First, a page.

+++ b/Documentation/devicetree/bindings/tty/serial/snps-dw-apb-uart.txt
@@ -0,0 +1,25 @@
+* Synopsys DesignWare ABP UART
+
+Required properties:
+- compatible : "snps,dw-apb-uart"
+- reg : offset and length of the register set for the device.
+- interrupts : should contain uart interrupt.
+- clock-frequency : the input clock frequency for the UART.
+
+Optional properties:
+- reg-shift : quantity to shift the register offsets by.  If this property is
+  not present then the register offsets are not shifted.
+- reg-io-width : the size (in bytes) of the IO accesses that should be
+  performed on the device.  If this property is not present then single byte
+  accesses are used.
+
+Example:
+
+	uart@80230000 {
+		compatible = "snps,dw-apb-uart";
+		reg = <0x80230000 0x100>;
+		clock-frequency = <3686400>;
+		interrupts = <10>;
+		reg-shift = <2>;
+		reg-io-width = <4>;
+	};
diff --git a/Documentation/devicetree/bindings/vendor-prefixes.txt b/Documentation/devicetree/bindings/vendor-prefixes.txt
new file mode 100644
index 0000000..e855278
--- /dev/null
+++ b/Documentation/devicetree/bindings/vendor-prefixes.txt
@@ -0,0 +1,40 @@
+Device tree binding vendor prefix registry.  Keep list in alphabetical order.
+
+This isn't an exhaustive list, but you should add new prefixes to it before
+using them to avoid name-space collisions.
+
+adi	Analog Devices, Inc.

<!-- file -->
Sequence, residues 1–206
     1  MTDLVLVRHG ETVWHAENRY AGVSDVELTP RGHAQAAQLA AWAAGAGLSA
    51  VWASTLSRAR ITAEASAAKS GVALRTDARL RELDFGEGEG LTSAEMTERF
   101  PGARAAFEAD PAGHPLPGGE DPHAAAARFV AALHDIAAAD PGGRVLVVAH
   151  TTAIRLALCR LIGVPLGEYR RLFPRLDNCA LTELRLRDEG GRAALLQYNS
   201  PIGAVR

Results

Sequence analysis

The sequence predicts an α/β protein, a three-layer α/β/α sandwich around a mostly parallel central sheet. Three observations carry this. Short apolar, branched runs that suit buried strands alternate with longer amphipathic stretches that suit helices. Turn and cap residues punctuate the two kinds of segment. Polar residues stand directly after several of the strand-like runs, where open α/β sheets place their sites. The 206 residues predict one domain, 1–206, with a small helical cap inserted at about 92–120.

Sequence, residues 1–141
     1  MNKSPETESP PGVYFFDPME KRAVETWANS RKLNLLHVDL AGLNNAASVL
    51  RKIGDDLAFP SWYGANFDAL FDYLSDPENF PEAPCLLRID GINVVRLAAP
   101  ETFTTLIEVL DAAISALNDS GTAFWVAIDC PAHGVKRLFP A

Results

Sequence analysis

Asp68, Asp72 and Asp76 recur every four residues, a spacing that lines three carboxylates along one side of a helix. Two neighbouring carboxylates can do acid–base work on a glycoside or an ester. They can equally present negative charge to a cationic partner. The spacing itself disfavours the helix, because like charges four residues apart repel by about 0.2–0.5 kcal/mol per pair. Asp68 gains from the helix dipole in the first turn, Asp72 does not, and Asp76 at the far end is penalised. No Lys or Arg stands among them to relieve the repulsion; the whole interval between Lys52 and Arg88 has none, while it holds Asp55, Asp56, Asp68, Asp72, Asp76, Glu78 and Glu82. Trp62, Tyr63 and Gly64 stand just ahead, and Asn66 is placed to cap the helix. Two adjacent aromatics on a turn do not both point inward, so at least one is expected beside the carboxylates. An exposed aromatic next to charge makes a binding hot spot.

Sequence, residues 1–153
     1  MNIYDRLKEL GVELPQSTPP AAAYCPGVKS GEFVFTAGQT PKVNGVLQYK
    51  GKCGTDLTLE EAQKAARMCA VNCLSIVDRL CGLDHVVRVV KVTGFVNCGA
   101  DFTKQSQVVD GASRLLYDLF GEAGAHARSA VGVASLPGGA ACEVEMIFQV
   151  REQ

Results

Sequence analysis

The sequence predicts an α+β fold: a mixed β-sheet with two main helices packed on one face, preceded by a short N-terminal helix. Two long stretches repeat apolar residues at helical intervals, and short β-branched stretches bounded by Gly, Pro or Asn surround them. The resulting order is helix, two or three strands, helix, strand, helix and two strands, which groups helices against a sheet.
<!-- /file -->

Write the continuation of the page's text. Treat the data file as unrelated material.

+amcc	Applied Micro Circuits Corporation (APM, formally AMCC)
+apm	Applied Micro Circuits Corporation (APM)
+arm	ARM Ltd.
+atmel	Atmel Corporation
+chrp	Common Hardware Reference Platform
+dallas	Maxim Integrated Products (formerly Dallas Semiconductor)
+denx	Denx Software Engineering
+epson	Seiko Epson Corp.
+est	ESTeem Wireless Modems
+fsl	Freescale Semiconductor
+GEFanuc	GE Fanuc Intelligent Platforms Embedded Systems, Inc.
+gef	GE Fanuc Intelligent Platforms Embedded Systems, Inc.
+hp	Hewlett Packard
+ibm	International Business Machines (IBM)
+idt	Integrated Device Technologies, Inc.
+intercontrol	Inter Control Group
+linux	Linux-specific binding
+marvell	Marvell Technology Group Ltd.
+maxim	Maxim Integrated Products
+mosaixtech	Mosaix Technologies, Inc.
+national	National Semiconductor
+nintendo	Nintendo
+nvidia	NVIDIA
+nxp	NXP Semiconductors
+powervr	Imagination Technologies
+qcom	Qualcomm, Inc.
+ramtron	Ramtron International
+samsung	Samsung Semiconductor
+schindler	Schindler
+simtek
+sirf	SiRF Technology, Inc.
+stericsson	ST-Ericsson
+ti	Texas Instruments
+xlnx	Xilinx
diff --git a/Documentation/devicetree/bindings/virtio/mmio.txt b/Documentation/devicetree/bindings/virtio/mmio.txt
new file mode 100644
index 0000000..5069c1b
--- /dev/null
+++ b/Documentation/devicetree/bindings/virtio/mmio.txt
@@ -0,0 +1,17 @@
+* virtio memory mapped device
+
+See http://ozlabs.org/~rusty/virtio-spec/ for more details.
+
+Required properties:
+
+- compatible:	"virtio,mmio" compatibility string
+- reg:		control registers base address and size including configuration space
+- interrupts:	interrupt generated by the device
+
+Example:
+
+	virtio_block@3000 {
+		compatible = "virtio,mmio";
+		reg = <0x3000 0x100>;
+		interrupts = <41>;
+	}
diff --git a/Documentation/driver-model/binding.txt b/Documentation/driver-model/binding.txt
index f7ec9d6..abfc8e2 100644
--- a/Documentation/driver-model/binding.txt
+++ b/Documentation/driver-model/binding.txt
@@ -48,10 +48,6 @@
 and actually register it with the class, which happens with the
 class's register_dev callback.
 
-NOTE: The device class structures and core routines to manipulate them
-are not in the mainline kernel, so the discussion is still a bit
-speculative. 
-
 
 Driver
 ~~~~~~
diff --git a/Documentation/driver-model/device.txt b/Documentation/driver-model/device.txt
index bdefe72..1e70220 100644